Filed under: Reviews, Festivals
The festival begins, and my task has been laid out: chronicle my experiences at one of the best comedy festivals in Canada, and make it seem somewhat enticing so that I can justify being here and hopefully get people out to see more shows. I can do that.
Problem is, reviewing comedy shows is a tad redundant. They are all sort of one-time only things, and even if a performer has multiple shows, who is to say their next ones will be as good/bad? Not fair to judge on that curve. I've had my comedy reviewed before, and every time it's been wrong to some degree, even if they liked me.
So nuts to that -- I'm going to approach this a little more scattershot. I'll give brief summations of the acts I've seen, and maybe give you a better idea of what an evening of JFL42-ing is all about. I'm also not going to "review" the shows with some kind of rating system. As a comic, I know reading a star review does nothing but fill my heart with poison, and as a reader all you'll learn is I either was in a good or bad mood that night, and justifiably ask, "who cares what this idiot thinks?"
My name is J.D. Renaud, a guy who actually enjoys comedy and going to things alone, so use that as your baseline of what I'm all about.
What I will be reviewing is the audience of each show. JFL42 audiences are a wild and varied bunch, and I think they are worth documenting. I've seen some dizzying highs and horrifying lows from audiences in this festival, and it's high time some of them were commended, and some others shamed. Perhaps if you like the sound of one of the comics, you yourself could be in the audience of their next show and either turn the tide or add to the fun. Either way, the harsh finger of justice is pointed at you, potential audience member.
Normand is a pro, and it shows. Tight material, very prepared, delivered like a comic who sees an entire open mic show of people scrambling to fill time and just shoves them all out of the way with confidence. He probably could have done another half hour with ease. Not everything landed the way he might have wanted, but he endeared himself to the point that it really didn't matter.
Audience Review: I would describe them as "attentive", which is not entirely a compliment. Everyone was listening, laughed when they needed to, then politely stopped. Not Normands' fault a 7 PM Thursday crowd were not exactly a rowdy bunch, but he held himself together in front a a room that needed to be told that smiling does not give comics the same jolt that laughing does. 7/10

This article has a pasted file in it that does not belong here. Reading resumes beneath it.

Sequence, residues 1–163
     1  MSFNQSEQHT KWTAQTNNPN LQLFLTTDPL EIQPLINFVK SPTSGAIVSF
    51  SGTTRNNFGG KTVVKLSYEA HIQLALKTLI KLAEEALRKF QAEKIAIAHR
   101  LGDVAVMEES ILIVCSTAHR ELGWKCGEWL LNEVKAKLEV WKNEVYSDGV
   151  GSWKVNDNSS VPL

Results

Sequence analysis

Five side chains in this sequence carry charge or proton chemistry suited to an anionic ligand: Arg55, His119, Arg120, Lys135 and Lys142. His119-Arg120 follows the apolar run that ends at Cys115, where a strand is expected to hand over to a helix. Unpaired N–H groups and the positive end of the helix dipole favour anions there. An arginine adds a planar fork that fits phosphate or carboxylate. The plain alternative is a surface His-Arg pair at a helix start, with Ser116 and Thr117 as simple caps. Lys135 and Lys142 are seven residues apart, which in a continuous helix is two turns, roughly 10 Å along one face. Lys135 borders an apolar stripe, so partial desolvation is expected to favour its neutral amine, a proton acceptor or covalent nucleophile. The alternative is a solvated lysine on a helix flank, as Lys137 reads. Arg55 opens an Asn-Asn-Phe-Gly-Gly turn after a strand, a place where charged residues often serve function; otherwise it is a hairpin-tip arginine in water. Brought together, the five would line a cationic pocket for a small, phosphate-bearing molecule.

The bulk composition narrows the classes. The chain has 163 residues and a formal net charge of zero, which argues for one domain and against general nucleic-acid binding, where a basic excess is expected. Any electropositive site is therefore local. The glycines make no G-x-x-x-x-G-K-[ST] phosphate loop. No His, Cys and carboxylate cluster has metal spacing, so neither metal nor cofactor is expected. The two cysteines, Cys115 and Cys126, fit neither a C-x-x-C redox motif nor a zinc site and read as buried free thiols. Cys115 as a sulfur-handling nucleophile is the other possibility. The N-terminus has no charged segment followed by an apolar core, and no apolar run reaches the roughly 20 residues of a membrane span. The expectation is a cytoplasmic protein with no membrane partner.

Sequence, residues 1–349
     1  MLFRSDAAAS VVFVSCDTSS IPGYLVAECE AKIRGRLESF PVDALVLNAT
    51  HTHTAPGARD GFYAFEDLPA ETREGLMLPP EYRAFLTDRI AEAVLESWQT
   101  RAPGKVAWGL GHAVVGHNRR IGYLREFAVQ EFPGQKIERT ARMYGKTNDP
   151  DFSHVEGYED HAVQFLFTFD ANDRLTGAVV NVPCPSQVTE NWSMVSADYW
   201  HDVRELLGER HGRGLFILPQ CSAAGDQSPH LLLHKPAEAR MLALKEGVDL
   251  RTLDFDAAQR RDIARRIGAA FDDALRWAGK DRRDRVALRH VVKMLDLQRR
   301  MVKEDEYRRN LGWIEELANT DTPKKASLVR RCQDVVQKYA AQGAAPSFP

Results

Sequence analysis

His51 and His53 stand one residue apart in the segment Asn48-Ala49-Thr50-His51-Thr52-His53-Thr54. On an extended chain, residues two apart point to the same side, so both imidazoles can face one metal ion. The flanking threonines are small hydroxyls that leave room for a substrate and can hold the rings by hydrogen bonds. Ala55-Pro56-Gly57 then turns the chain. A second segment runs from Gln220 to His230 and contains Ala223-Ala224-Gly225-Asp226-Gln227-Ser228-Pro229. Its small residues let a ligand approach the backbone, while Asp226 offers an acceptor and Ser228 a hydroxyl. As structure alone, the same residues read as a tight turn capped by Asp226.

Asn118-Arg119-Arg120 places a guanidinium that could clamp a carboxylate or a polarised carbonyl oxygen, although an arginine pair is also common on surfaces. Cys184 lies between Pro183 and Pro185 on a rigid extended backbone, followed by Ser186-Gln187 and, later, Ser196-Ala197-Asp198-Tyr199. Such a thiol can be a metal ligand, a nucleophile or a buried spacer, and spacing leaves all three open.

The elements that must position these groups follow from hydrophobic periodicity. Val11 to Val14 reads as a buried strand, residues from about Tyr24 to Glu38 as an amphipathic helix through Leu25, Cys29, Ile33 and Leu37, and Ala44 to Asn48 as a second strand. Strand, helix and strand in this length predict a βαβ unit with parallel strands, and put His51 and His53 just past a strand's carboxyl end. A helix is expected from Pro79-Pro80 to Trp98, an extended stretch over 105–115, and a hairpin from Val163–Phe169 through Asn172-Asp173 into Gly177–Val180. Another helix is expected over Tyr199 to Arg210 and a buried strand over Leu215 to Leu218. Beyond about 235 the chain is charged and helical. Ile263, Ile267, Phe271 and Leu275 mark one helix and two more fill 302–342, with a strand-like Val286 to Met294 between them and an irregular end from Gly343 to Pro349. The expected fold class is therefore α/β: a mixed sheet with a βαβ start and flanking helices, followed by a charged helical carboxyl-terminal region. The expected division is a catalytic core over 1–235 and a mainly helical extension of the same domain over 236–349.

Mausner & Gilmour both took to their co-headlining sets with ease, and utilized their time to pack a considerable amount of laughs and charm in their own unique ways. Gilmour played off the audience's expectations expertly, even calling them out for applauding too much to great effect. Mausner brought speed and intensity into the mix, and made great use of multimedia for their closer. Not hard to see why they both tied for Homegrown this year.
Audience Review: Small, but mighty. A little over half-full, but with the energy, attentiveness, and general good attitude that if it HAD been full, would have been any comic's dream crowd. These two deserve bigger houses, but those who knew to find them already got the score. 4 and a half stars
I've gushed about Chris Locke before, but I'll just reiterate my previous points: One of the funniest people out there, brilliant with his prepared material and off the cuff, and just in general a damn delight to watch live. Calling out the very real fact that as a local Toronto comic he was taking some liberties in how long he planned to riff and make light of the festival itself was refreshing after a long night of comedy. No two Chris Locke shows I've ever seen have been the same, so there's no excuse not to at least see him once.
Audience Review: We have our first heckler, folks! People, please, if your life has taken you down a dark path and you choose alcoholic outbursts at comedy shows as a means to cope, ruin your life in the back of the room, not in the front. "Julie", as Locke renamed her, did almost everything possible to sabotage everyone else's night. Too bad for her Locke didn't have the time nor the energy to let her have her way, and the collective will of the rest of the crowd didn't let the tide shift away from enjoying the show. Audience grade was A-, "Julie" and her enabling boyfriend get an F.
Tags: JFL42, stand-up, Toronto, Mark Normand, D.J. Mausner, Courtney Gilmour, Chris Locke, audience reviews, festival
J.D. Renaud is a writer, comedian, producer, and visual artist originally from Oakville, Ontario. You can follow his weird thoughts on Twitter at @jdrenaud.
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